Interviews with industry executives and Deloitte client practitioners suggest even more is happening beneath the surface. For instance, food companies are hiring these digital skills for all departments, not just in traditional IT departments. In fact, our interviews reveal that most of the important digital innovation is likely being driven by parts of the business outside of IT. This change coincides with a shift from program- or project-based management of technology to a more customer-centric and modern product management approach. Digital teams are using agile methods, such as scrum, to build applications centered on external and internal customers, both of whom are more digitally savvy and have higher expectations for what applications should deliver. For example, store associates are being provided applications for facilitating pick-and-pack shopping, interacting with customers through text, taking mini training courses, and managing their schedules.

In part because they will use these applications, job postings for frontline employees are also now frequently listing a requirement for some form of digital skills. For example, the analysis for retail revealed that one in four job postings for cashiers as well as retail store associates, plus three in four job postings for sales representatives, required digital skills. By 2020, the demand for digital skills among cashiers specifically was five-fold higher than 2017 levels. There are examples among product suppliers as well. Nine in 10 job postings for scheduler/operations coordinators as well as service supervisors required digital skills.

Food retailers currently are going through a bigger shift in their digital skills hiring but there are developments on the horizon that could disrupt product supplier hiring patterns as well. Perhaps foremost is a need to provide greater transparency throughout the supply chain and meet expanded sustainability goals. Digital systems and associated skills are needed to capture, integrate, and make sense of the data to drive these transparency and sustainability functions. A scale up in direct-to-consumer (DTC) channel sales, more private-label competition from web retailers with deeper data on customers, or a move to small-batch manufacturing and niche brands (e.g., personalized food-as-medicine offerings) could also shake up digital skill needs by necessitating more digitally driven business models to deliver and compete.

Facing the challenge ahead

The food industry is far from finished in its digital transformation and journey to a new future of work. Given how difficult it is for the industry to find enough workers right now, let alone those with the digital skills sought out almost universally, it is tempting to start a scramble for technology talent. However, another approach is likely to work better. Food industry companies should first ask themselves some important questions in a broader future of work context:

  • Are we taking the time to think through the actual new work to be done and rearchitect it in ways that will allow our people and technology to work together and perform at their best?
  • When redesigning work, are we putting the employee at the center, and complimenting their experience through these new and more interesting technologies and skills they get to use?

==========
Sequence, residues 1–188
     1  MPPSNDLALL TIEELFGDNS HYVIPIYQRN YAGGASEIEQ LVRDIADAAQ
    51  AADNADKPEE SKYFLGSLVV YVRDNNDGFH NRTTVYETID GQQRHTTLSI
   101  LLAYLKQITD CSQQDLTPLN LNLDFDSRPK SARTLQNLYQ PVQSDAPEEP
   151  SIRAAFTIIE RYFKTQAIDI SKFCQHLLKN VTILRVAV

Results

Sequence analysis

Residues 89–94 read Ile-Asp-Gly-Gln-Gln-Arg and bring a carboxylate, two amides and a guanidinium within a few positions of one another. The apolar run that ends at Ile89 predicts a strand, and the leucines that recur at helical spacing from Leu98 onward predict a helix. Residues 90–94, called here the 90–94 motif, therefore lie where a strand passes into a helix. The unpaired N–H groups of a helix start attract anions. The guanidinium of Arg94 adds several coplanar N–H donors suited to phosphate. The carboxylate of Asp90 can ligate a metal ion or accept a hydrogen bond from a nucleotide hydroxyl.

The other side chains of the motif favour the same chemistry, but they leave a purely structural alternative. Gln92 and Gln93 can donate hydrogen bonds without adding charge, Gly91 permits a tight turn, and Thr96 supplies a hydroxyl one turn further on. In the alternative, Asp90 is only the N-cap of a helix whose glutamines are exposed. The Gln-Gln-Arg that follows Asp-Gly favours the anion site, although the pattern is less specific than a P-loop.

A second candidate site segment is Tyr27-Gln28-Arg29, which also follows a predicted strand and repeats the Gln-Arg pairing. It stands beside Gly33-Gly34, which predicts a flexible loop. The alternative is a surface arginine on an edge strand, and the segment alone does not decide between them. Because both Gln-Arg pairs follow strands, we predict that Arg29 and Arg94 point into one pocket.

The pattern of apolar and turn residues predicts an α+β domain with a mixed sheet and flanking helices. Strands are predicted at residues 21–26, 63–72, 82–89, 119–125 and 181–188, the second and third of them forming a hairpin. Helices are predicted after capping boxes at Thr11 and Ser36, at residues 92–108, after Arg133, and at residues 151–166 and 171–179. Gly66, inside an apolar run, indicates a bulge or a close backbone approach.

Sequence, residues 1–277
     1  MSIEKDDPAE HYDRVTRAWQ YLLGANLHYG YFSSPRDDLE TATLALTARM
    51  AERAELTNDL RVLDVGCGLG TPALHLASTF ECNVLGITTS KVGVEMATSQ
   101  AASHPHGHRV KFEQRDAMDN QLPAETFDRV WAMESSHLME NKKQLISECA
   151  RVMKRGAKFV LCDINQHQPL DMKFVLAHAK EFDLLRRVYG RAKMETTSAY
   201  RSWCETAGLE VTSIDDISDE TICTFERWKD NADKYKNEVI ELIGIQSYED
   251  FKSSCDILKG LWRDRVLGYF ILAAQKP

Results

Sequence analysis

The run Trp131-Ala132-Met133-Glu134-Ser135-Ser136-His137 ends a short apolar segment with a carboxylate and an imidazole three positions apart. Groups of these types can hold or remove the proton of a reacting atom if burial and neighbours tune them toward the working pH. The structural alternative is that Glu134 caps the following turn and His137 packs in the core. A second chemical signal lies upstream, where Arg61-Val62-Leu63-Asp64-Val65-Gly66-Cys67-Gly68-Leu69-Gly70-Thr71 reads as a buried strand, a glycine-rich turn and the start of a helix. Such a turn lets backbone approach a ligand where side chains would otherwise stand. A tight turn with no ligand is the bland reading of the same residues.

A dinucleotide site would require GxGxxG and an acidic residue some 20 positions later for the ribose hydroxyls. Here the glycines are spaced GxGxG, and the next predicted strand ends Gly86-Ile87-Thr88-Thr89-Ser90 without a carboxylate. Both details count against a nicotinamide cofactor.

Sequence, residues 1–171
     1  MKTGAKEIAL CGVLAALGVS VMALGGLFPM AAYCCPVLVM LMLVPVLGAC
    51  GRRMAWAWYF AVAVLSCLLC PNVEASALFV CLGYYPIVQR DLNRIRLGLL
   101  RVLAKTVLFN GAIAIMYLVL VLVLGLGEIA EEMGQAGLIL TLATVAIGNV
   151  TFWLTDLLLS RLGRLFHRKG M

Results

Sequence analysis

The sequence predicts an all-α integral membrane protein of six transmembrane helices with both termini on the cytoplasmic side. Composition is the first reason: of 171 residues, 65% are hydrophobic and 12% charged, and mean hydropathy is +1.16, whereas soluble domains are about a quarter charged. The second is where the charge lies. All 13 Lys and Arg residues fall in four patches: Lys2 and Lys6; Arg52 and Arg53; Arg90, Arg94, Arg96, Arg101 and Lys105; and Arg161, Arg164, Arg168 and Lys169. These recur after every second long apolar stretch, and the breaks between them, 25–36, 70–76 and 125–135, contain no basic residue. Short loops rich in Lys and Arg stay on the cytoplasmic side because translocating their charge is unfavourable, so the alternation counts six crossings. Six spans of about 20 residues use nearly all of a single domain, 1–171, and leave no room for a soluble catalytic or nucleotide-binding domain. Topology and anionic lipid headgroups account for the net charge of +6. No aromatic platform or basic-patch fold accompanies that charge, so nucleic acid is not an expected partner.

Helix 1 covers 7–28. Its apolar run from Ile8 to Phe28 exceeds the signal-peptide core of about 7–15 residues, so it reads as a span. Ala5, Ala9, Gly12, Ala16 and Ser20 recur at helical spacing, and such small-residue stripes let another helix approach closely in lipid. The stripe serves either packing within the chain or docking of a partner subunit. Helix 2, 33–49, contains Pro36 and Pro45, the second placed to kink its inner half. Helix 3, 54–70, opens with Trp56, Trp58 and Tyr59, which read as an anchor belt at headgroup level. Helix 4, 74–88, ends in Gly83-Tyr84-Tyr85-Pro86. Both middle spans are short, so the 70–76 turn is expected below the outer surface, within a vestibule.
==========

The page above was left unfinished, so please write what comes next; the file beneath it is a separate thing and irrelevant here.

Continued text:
• Is our company creating a sense of belonging for everyone? Will our approach to diversity, equity, and inclusion, our social stands, and our contributions to sustainability make it easier to win over digital talent?
  • Does our company culture embrace technology or are we traditionally hesitant? How well does our leadership, from the CEO on down, model the culture we want?

Allow the current workforce to surprise you. Provide opportunities and options for employees to demonstrate their skills and opt in to take additional training where appropriate.

Taking a step back to understand the answers to these big questions should not imply there is plenty of time. In fact, several executives indicated that organizations are not planning or moving with enough urgency. First steps toward addressing digital skill needs should include the following:

  • Start with an inventory of current capabilities and identify the major digital skill gaps. Companies should know their gaps before making decisions on spending and partnering.
  • Take an honest look at which digital skills can be gained through training and which will require bringing in new people. Allow the current workforce to surprise you. Provide opportunities and options for employees to demonstrate their skills and opt in to take additional training where appropriate.
  • Refresh your job postings. You won’t get the skills if you don’t ask. Make sure the skill needs uncovered in the assessment actually make their way to the job descriptions and that recruiters know the plan. This is also an opportunity to experiment with new, digital-forward messaging, and adjust screening filters.
  • Communicate with your people. Let them know where the company is headed, the plan for filling digital skill needs, and what is expected of them. Listen to them as well. Your workforce may have ideas for where to seek new sources of talent, what messages would work better, and how to make the roles more attractive. 

  1. Barb Renner, Kimberly Betts, and Justin Cook, Future of work: The state of the food industry , Deloitte Insights, July 26, 2021.View in Article
  2. Mike Troy, “The PG 100 ,” Progressive Grocer , May 11, 2020; Food Processing , “Food Processing’s Top 100 ,” accessed November 9, 2021.View in Article
  3. Burning Glass Technologies, 2021.View in Article

The authors would like to provide special recognition to FMI-The Food Industry Association, for their collaboration on the future of work in the food industry series, especially FMI’s Mark Baum, Doug Baker, and Steve Markenson.

The authors would also like to thank Brian Baker, Alyson Daichendt, Rob Harrold, Lokesh Ohri, Ben Shirley, Abigail Slark, and Rohan Amrute Sirish.

Cover image by: Adamya Manshiva

Workforce transformation

Deloitte Consulting LLP delivers solutions to transform our clients’ workforces for business success in this era of continuous disruptions. Achieve end-to-end workforce life cycle solutions that make work better for humans and humans better at work.

Barb Renner

Barb Renner

Vice Chair & US Leader | Consumer Products